When we talk of trends in lighting or lighting controls it is very hard to ignore LED lights. As it is the present trend. In recent years, the trends in lighting have been almost entirely dictated by the developments in LED lighting, and integrated digital control of the lighting network. “The use of Lighting Control Technology is expanding because of increasing requirements of improved energy efficiency, which is being codified in government laws and building regulations world-wide. DALI-based systems are increasingly being used, because they allow addressing and monitoring of individual light fixtures, thereby reducing maintenance costs and downtime,” explains Nicolas Sarraf, Director, Tectronics WLL, Abu Dhabi.
Nicolas also points out that trends in lighting and lighting controls are also heading towards the creation of indoor spaces, which can closely imitate the outdoor environment, in terms of lighting levels as well as spectral content, through the use of specialised light fixtures integrated into the ceilings and walls. “The use of advanced environment sensors in individual lights enables the creation of lighting systems which can deliver lighting at the precise level and color temperature required for the occupied space. These sensors have the ability to measure the visible portion of the electromagnetic spectrum in an interior space, and can weigh the different colors to roughly match the sensitivity of the human eye.
Thus, the use of low cost, chip- based sensors pioneered by the mobile phone and computer industry, is finding new application in the field of lighting,” he adds. Yet another trend that is slowly but surely gaining ground is the integration of lighting with IT. An intelligent lighting network solution delivers all the benefits of low-cost, high efficiency LED lighting combined with a sensor network that reports motion, temperature and illumination.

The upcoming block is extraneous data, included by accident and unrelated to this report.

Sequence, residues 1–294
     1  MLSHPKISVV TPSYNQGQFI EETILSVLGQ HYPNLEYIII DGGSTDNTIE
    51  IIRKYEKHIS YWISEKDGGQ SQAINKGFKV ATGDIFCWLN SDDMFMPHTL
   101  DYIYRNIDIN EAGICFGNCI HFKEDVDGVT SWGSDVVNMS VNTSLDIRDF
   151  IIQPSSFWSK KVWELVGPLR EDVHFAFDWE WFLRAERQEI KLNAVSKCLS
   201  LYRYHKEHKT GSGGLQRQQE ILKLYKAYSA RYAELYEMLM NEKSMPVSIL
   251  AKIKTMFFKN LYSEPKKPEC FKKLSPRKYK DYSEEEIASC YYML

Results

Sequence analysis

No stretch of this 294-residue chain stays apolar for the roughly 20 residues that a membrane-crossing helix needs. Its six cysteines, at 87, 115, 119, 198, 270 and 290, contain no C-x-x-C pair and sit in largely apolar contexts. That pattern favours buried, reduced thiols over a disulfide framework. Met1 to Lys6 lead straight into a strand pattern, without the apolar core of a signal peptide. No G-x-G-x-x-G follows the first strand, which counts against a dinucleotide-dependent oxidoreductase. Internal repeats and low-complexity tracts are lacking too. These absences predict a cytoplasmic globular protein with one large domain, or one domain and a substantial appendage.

Intelligent Lighting Controls is another trend that we are coming across. Intelligent Lighting Controls present a great opportunity for improved returns. It helps in cutting down energy usage for lighting significantly and improves productivity and efficiency and reduces waste. Control and Regulation with Digital Addressable Lighting Interface (DALI) is yet another trend that is gaining acceptance in the UAE market. “A perfect example of a DALI installation is the Trust Tower in Abu Dhabi where a DALI system has ensured the smooth operation of the lighting control system as well as offering the feel of customisation needed to deploy the different lighting requirements for the retail, hospitality and corporate facilities. The lighting in the project is DALI controlled and utilizes TCP/IP as the main protocol for linking the DALI networks together,” says Esam R Al Mazroei. Rami elaborates how LED has allowed Philips to take light digital. “It’s no longer about the function of one bulb, but how we can integrate lighting systems to improve safety, beautify buildings and personalize our own environment. We offer a complete portfolio of LED lighting solutions for all applications including: roads, offices, hospitality, home and more. Digital light and LED is changing the way we work with all of these applications. We believe that by 2020 over 75 per cent of the lighting used in the world will be LED, and the advantages of using controls are just really being discovered. It is an exciting time for lighting,” he concludes.